NZ’s covid-19 case numbers past their peak in Auckland, says Bloomfield

Dr Ashley Bloomfield
Dr Ashley Bloomfield ... "Covid isn't done with the world just yet." Image: RNZ

RNZ News

New Zealand’s Director-General of Health, Dr Ashley Bloomfield, says covid-19 case numbers have passed their peak in Auckland, the country’s largest city, but that people should remain vigilant.

Dr Bloomfield said there were 20,907 new community cases of covid-19, a further 15 deaths and 1016 people in hospital in today.

He said the latest analysis showed covid-19 case numbers had passed their peak in Auckland, and were tracking down in all three district health boards.

Dr Bloomfield said that analysis also showed case numbers nationally — not including Auckland — were also slowing. They increased just 1 percent in the seven days to March 20, compared to a 44 percent increase in the week ending March 13.

The pattern did differ by DHB, with cases still increasing in the South Island, although there were encouraging signs they were peaking in the Midland region and in the Wellington region.

He said case numbers appeared to be largely now following the modelling for a high-transmission scenario. Case numbers were higher than the modelling suggested, and Dr Bloomfield said this may be because most cases in New Zealand were the BA.2 subvariant.

Hospitalisations in the northern region were also levelling off.

“We’re watching carefully and the expectation is that they will start to drop as the week progresses,” Dr Bloomfield said.

“The average length of stay for people on wards in the Auckland hospitals who have been discharged is now 3.2 days compared to just over two days last month, and the average stay in intensive care is five days.

“This increase in average length of stay reflects that we’re now seeing that people who are needing longer care, they may even be over their covid infection but they have symptoms that need to be managed, often from underlying conditions.”

Watch the update 

Video: RNZ News

Dr Bloomfield said that even though cases in hospital in Auckland were staying high, the number of new admissions each day was dropping quickly. But because those being admitted now were sicker and required longer care in hospital, the total number of people in hospital remained fairly steady.

Emergency department admissions testing positive remain highest at Middlemore, but they had fallen from 40 percent last month to 28 percent now. Auckland Hospital was down from 30 percent to 22 percent, while Waitematā was steady about 18 percent.

Whangārei’s ED positivity rate was still increasing, he said.

“Admissions in the rest of the country are growing and we will continue to see them grow.”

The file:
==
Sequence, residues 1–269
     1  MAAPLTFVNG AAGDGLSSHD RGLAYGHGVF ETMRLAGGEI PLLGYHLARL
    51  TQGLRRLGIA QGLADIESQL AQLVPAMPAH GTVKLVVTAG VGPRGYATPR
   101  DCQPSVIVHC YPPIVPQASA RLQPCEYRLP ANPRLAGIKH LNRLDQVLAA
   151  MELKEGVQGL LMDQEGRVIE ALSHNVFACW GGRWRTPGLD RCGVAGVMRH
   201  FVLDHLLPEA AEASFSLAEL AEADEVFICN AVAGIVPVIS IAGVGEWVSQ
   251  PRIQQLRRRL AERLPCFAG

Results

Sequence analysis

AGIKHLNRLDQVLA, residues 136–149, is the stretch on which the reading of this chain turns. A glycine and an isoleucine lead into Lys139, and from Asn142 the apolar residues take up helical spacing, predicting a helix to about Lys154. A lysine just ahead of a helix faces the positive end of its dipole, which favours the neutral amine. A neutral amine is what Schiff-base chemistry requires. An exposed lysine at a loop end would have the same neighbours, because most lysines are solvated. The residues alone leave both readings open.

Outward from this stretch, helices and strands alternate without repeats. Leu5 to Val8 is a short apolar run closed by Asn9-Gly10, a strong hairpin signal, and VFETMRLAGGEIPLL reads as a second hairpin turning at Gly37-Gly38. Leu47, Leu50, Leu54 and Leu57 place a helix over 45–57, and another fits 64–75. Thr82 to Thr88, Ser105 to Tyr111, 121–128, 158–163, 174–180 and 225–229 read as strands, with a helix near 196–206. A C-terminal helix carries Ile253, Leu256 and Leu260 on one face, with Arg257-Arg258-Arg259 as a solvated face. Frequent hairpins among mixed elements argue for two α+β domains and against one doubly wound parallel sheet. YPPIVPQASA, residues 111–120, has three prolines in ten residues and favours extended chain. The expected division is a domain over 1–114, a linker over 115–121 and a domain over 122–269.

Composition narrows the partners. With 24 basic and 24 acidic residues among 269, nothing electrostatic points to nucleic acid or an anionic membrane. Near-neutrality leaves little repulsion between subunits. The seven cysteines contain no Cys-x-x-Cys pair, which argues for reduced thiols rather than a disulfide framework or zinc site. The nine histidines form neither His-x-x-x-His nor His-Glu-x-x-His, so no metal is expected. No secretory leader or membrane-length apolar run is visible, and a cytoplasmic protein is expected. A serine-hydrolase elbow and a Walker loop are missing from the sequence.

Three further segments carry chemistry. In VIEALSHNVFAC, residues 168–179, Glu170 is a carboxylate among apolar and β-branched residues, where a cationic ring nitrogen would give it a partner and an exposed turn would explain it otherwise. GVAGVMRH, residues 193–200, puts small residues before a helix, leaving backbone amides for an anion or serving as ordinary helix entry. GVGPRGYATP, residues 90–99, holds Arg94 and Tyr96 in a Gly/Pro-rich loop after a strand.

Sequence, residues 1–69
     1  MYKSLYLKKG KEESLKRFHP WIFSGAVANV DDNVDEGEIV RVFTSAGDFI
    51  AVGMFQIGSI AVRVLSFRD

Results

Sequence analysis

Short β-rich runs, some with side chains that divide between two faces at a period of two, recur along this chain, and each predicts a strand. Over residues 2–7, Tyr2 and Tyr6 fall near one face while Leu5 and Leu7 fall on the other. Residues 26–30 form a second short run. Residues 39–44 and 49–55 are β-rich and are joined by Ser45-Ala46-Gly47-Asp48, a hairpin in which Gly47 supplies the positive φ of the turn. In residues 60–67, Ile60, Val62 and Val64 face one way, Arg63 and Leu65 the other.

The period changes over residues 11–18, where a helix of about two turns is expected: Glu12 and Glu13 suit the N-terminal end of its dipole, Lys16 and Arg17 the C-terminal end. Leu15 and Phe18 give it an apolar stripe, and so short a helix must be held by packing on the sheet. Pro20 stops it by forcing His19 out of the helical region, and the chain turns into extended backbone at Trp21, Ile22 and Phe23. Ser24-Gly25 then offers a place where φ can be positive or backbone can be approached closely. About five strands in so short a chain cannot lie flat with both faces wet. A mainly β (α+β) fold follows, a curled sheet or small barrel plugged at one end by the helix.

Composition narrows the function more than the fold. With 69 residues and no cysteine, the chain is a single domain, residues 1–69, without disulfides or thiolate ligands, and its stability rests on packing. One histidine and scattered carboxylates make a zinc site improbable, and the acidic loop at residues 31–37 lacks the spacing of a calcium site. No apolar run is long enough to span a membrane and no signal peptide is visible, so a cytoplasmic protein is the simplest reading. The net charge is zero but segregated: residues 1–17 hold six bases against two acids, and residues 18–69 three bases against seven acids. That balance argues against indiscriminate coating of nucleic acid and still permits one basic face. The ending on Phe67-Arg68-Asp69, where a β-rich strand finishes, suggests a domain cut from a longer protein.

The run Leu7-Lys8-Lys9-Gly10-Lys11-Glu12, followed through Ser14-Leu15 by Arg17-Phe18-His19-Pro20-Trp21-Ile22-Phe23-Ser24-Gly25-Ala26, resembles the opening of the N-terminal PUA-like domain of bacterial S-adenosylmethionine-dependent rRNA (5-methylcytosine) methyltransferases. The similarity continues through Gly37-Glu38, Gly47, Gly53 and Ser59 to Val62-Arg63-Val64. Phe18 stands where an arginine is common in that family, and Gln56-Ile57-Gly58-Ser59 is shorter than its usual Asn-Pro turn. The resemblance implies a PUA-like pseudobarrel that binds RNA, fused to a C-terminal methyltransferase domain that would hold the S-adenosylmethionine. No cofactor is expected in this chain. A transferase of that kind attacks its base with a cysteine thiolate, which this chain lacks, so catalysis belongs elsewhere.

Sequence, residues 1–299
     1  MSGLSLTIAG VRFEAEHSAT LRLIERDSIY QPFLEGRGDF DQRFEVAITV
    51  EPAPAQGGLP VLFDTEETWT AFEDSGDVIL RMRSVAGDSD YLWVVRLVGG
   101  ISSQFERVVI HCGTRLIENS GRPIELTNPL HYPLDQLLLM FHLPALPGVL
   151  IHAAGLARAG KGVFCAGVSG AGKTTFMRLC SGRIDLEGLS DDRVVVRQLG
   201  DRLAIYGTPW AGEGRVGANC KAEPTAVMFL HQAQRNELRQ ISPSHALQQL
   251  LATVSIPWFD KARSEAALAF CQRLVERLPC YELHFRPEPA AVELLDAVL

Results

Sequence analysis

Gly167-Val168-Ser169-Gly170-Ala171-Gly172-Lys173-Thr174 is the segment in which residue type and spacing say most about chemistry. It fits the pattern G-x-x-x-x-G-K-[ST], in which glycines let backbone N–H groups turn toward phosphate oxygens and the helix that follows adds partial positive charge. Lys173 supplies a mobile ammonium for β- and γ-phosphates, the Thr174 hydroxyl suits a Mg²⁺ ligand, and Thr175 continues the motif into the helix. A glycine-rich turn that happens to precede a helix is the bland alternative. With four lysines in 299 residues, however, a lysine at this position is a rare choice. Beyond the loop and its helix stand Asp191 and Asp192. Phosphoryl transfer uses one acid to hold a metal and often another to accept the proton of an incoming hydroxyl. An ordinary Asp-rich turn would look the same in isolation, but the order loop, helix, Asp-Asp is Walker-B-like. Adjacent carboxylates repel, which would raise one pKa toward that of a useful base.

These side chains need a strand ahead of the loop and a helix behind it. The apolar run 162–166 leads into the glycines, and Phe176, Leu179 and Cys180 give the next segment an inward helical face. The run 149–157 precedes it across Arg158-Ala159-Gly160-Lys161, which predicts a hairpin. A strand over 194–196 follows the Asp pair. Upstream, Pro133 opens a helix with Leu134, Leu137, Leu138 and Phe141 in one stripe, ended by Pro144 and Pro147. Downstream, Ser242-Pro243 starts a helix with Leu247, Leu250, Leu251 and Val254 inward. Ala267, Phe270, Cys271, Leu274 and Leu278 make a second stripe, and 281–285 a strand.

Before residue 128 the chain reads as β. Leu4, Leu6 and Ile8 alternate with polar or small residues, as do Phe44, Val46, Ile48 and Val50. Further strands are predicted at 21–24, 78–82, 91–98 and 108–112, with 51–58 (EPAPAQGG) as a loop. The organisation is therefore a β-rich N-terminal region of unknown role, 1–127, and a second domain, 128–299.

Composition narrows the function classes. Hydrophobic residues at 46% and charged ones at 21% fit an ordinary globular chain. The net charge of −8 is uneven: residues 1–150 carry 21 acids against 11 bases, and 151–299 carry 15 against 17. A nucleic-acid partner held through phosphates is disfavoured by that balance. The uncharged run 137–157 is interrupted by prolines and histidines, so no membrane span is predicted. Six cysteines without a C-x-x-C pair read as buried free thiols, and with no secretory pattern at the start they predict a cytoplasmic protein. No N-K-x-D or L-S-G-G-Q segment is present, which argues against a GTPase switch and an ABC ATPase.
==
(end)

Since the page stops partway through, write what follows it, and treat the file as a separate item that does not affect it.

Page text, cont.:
Dr Bloomfield said hospitalisation rates during the delta outbreak was about 8 percent, whereas the omicron outbreak had been about 0.9 percent.

“That hospitalisation rate will appear to increase over coming weeks, because as the cases drop yet people remain in hospital we’ll see the denominator decline much quicker … hospitalisations will decline but more slowly,” he said.

“The number of deaths each day is also likely to increase and will take longer to decline.”

He said staffing shortages were a major pressure on the health system, and there was real pressure in hospitals as well as care in the community, including rest homes.

‘Covid isn’t done with the world just yet’
Dr Bloomfield said New Zealand could expect ongoing waves of covid, and looking across the Tasman was instructive.

“The number of people hospitalised with covid in New South Wales never dropped below 950 after their first omicron wave … it’s now back over 1000 as cases started to increase again.

“In contrast, in Victoria the number of hospitalisations declined down to around 200 and remained steady there … so two quite different pictures.”

He said this showed New Zealand should expect to see a residual number of cases and people in hospital.

The UK had seen increased case numbers with the BA.2 subvariant, with Scotland hit hardest.

“Case numbers there are just below their previous peak, and hospitalisation figures the highest they have been since 2020. Globally it’s likely there will continue to be further waves of omicron and likewise there will be new variants of concern.”

He said New Zealand would face these just as other countries would.

“Covid isn’t done with the world just yet.”

Looking ahead
Tomorrow the government is due to announce if it will relax mandates, vaccine passes and the traffic light system as the omicron outbreak passes its peak in Auckland. Cabinet discussed reducing the restrictions yesterday.

Ahead of the announcement, Dr Bloomfield said New Zealand was still in the middle of a global pandemic which had thrown curveballs before and would continue to.

“We need to be prepared to redeploy the measures that we already have in place or have used in the past.”

He said there was a balance between protecting the population — particularly vulnerable groups — and only using restrictions for the extent they were needed.

At the moment, total ICU and HDU beds were about 60 percent occupied, he said. Each day hospitals were looking at the number of beds available and staffing those accordingly.

This article is republished under a community partnership agreement with RNZ.

Print Friendly, PDF & Email